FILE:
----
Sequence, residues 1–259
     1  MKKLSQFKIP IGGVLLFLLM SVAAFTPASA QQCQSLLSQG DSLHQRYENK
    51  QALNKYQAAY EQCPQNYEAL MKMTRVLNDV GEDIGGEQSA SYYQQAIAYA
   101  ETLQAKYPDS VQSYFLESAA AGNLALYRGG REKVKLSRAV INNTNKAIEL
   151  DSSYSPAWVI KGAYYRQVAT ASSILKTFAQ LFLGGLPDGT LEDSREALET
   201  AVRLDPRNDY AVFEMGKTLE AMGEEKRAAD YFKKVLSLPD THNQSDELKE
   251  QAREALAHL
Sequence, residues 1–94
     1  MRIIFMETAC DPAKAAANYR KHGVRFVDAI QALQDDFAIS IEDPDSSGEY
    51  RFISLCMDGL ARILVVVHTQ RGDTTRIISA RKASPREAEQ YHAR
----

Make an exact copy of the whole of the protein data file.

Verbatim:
Sequence, residues 1–259
     1  MKKLSQFKIP IGGVLLFLLM SVAAFTPASA QQCQSLLSQG DSLHQRYENK
    51  QALNKYQAAY EQCPQNYEAL MKMTRVLNDV GEDIGGEQSA SYYQQAIAYA
   101  ETLQAKYPDS VQSYFLESAA AGNLALYRGG REKVKLSRAV INNTNKAIEL
   151  DSSYSPAWVI KGAYYRQVAT ASSILKTFAQ LFLGGLPDGT LEDSREALET
   201  AVRLDPRNDY AVFEMGKTLE AMGEEKRAAD YFKKVLSLPD THNQSDELKE
   251  QAREALAHL
Sequence, residues 1–94
     1  MRIIFMETAC DPAKAAANYR KHGVRFVDAI QALQDDFAIS IEDPDSSGEY
    51  RFISLCMDGL ARILVVVHTQ RGDTTRIISA RKASPREAEQ YHAR